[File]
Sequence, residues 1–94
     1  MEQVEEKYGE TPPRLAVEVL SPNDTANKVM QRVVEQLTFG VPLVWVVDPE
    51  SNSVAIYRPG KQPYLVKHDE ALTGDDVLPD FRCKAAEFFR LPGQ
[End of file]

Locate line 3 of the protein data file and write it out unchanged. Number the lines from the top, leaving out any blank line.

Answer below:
    51  SNSVAIYRPG KQPYLVKHDE ALTGDDVLPD FRCKAAEFFR LPGQ